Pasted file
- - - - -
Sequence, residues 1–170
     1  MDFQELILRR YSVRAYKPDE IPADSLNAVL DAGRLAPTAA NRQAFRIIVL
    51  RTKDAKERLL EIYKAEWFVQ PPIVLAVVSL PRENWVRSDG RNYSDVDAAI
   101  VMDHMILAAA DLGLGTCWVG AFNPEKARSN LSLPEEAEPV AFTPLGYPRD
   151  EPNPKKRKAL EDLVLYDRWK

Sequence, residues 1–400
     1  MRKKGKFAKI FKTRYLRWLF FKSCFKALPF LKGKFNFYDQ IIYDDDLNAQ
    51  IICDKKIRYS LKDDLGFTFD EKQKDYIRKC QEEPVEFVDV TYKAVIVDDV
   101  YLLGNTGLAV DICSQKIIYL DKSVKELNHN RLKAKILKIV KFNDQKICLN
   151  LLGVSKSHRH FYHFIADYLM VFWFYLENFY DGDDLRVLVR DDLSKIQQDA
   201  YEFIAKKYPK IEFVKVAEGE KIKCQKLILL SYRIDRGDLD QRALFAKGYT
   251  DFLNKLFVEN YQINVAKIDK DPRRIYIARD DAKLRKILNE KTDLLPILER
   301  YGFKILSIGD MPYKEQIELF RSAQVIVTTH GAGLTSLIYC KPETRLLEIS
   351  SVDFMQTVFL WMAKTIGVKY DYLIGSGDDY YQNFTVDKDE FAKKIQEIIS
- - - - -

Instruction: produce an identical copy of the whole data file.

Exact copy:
Sequence, residues 1–170
     1  MDFQELILRR YSVRAYKPDE IPADSLNAVL DAGRLAPTAA NRQAFRIIVL
    51  RTKDAKERLL EIYKAEWFVQ PPIVLAVVSL PRENWVRSDG RNYSDVDAAI
   101  VMDHMILAAA DLGLGTCWVG AFNPEKARSN LSLPEEAEPV AFTPLGYPRD
   151  EPNPKKRKAL EDLVLYDRWK

Sequence, residues 1–400
     1  MRKKGKFAKI FKTRYLRWLF FKSCFKALPF LKGKFNFYDQ IIYDDDLNAQ
    51  IICDKKIRYS LKDDLGFTFD EKQKDYIRKC QEEPVEFVDV TYKAVIVDDV
   101  YLLGNTGLAV DICSQKIIYL DKSVKELNHN RLKAKILKIV KFNDQKICLN
   151  LLGVSKSHRH FYHFIADYLM VFWFYLENFY DGDDLRVLVR DDLSKIQQDA
   201  YEFIAKKYPK IEFVKVAEGE KIKCQKLILL SYRIDRGDLD QRALFAKGYT
   251  DFLNKLFVEN YQINVAKIDK DPRRIYIARD DAKLRKILNE KTDLLPILER
   301  YGFKILSIGD MPYKEQIELF RSAQVIVTTH GAGLTSLIYC KPETRLLEIS
   351  SVDFMQTVFL WMAKTIGVKY DYLIGSGDDY YQNFTVDKDE FAKKIQEIIS